Sounds of Crossing

Music, Migration, and the Aural Poetics of Huapango Arribeño

Sounds of Crossing

Refiguring American Music

More about this series

Read Alex Chávez's Duke University Press blogpost, which features a playlist to accompany the book.
Book Pages: 440 Illustrations: 32 illustrations Published: December 2017

Author: Alex E. Chávez

Anthropology > Cultural Anthropology, Chicanx and Latinx Studies, Music > Ethnomusicology

In Sounds of Crossing Alex E. Chávez explores the contemporary politics of Mexican migrant cultural expression manifest in the sounds and poetics of huapango arribeño, a musical genre originating from north-central Mexico. Following the resonance of huapango's improvisational performance within the lives of audiences, musicians, and himself—from New Year's festivities in the highlands of Guanajuato, Mexico, to backyard get-togethers along the back roads of central Texas—Chávez shows how Mexicans living on both sides of the border use expressive culture to construct meaningful communities amid the United States’ often vitriolic immigration politics. Through Chávez's writing, we gain an intimate look at the experience of migration and how huapango carries the voices of those in Mexico, those undertaking the dangerous trek across the border, and those living in the United States. Illuminating how huapango arribeño’s performance refigures the sociopolitical and economic terms of migration through aesthetic means, Chávez adds fresh and compelling insights into the ways transnational music-making is at the center of everyday Mexican migrant life.


"Chavez uses the songs of the borderlands to talk about immigration into the US and the culture that has sprung up around the border. He pulls in both history and current situations – and best of all, his own experiences as a Mexican academic and musician – to create a multidimensional, gorgeous book." — Alejandra Oliva, Remezcla

"Bold and engaging. . . . Teeming with moments of intimacy, and a genuine attention to humanity. . . . Courageous and timely. . . . Sounds of Crossing will be of interest not only to scholars across disciplines and musical genres, as it relates aurality and aesthetics to political and social life, but also to non-academic lovers of music. This is a book of humanity, and a book of stories." — Nandini Rupa Banerjee-Datta, Current Musicology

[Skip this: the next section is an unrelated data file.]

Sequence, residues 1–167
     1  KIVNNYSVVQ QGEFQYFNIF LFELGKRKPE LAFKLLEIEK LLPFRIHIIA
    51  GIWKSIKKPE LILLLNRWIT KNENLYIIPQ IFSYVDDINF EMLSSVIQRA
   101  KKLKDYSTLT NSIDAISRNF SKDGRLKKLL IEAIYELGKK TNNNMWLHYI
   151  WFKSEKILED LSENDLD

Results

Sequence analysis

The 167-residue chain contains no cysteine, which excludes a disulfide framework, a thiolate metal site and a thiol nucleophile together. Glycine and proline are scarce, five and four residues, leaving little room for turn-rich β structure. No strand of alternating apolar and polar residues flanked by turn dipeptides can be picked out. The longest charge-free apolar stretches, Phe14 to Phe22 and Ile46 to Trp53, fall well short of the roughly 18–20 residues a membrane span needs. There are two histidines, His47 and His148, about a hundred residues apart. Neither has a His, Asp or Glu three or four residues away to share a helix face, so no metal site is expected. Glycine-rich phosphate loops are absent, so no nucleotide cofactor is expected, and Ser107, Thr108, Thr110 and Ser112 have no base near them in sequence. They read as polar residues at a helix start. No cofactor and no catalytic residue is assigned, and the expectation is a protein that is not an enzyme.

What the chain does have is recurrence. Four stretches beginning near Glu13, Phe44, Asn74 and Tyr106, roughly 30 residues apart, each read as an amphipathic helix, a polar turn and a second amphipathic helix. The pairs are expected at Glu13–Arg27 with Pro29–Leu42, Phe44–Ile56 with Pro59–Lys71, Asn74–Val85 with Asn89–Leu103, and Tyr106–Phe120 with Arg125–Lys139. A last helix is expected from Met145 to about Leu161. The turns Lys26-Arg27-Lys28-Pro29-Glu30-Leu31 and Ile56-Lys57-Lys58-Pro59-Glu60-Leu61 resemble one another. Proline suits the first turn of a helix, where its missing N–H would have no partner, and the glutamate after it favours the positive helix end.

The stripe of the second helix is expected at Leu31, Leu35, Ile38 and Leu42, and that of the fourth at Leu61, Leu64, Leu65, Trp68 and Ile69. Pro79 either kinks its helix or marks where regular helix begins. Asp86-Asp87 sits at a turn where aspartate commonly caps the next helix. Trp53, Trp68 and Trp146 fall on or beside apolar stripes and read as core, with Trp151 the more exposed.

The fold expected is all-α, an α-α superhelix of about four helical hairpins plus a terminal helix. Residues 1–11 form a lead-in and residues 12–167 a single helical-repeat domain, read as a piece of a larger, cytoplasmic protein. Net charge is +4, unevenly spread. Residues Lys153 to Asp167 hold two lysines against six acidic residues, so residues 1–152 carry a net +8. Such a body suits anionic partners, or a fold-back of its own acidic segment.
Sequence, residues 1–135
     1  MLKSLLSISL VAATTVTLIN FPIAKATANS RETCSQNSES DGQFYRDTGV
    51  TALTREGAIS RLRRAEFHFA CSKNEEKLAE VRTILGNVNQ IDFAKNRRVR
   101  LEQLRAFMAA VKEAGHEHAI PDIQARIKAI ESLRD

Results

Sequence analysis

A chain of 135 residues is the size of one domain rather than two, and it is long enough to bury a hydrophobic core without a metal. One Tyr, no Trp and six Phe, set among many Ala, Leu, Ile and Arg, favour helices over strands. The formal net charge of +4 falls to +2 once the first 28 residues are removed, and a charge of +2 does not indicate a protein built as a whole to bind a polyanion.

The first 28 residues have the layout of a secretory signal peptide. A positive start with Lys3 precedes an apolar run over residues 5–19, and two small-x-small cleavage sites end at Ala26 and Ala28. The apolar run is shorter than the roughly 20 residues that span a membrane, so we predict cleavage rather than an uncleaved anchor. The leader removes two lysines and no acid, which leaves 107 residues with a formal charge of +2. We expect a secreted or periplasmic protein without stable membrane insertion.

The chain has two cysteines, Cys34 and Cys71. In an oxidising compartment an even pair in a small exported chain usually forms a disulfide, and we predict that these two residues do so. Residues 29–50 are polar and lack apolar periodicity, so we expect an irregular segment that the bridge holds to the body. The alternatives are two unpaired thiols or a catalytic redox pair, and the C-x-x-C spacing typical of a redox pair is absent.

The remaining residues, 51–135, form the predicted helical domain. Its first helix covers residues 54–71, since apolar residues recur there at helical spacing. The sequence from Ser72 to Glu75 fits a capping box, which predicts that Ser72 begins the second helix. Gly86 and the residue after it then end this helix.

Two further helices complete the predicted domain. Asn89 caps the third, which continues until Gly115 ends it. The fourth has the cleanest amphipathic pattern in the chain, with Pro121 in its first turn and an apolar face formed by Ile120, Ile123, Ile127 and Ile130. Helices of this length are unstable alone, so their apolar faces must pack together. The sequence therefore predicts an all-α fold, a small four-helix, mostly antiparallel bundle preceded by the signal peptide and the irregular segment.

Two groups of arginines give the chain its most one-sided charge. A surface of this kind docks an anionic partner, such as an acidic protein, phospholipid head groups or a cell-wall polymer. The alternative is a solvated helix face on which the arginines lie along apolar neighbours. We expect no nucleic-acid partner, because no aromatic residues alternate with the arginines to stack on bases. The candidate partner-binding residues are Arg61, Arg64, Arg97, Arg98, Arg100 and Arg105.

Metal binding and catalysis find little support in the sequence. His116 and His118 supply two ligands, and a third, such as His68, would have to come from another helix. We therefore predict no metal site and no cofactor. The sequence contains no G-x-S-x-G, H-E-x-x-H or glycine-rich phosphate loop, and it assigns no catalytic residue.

"Alex E. Chávez has made an important contribution in the fields of cultural anthropology, ethnomusicology, folklore, history, and immigration studies with his work, Sounds of Crossing. . . . A must read for those interested in the lives, experiences, and music of undocumented people in the United States." — José R. López Morín, Anthropos

"This masterfully written ethnography uses the huapango arribeño as a productive analytical lens into transnational living. It makes a stimulating contribution to the growing literature on vernacular musical practices beyond the radar of transnational music industries." — Helena Simonett, Ethnomusicology Forum

"Few scholarly works have attempted to link the study of popular music and literary practices to the experience of international migration and fewer still have done so in as compelling a way as Chávez has done." — David Spener, Bulletin of Latin American Research

"Sounds of Crossing succeeds in introducing Huapango Arribeno to the world, articulately weaving between the daunting cliffs of anthropological theory and the lush valleys of sung poetry and anecdote, carrying the mellifluous sounds of Espanol and a vihuela on its back, greeting across space and time, singing the songs of the unheard." — Renata Yazzie, Linguistic Anthropology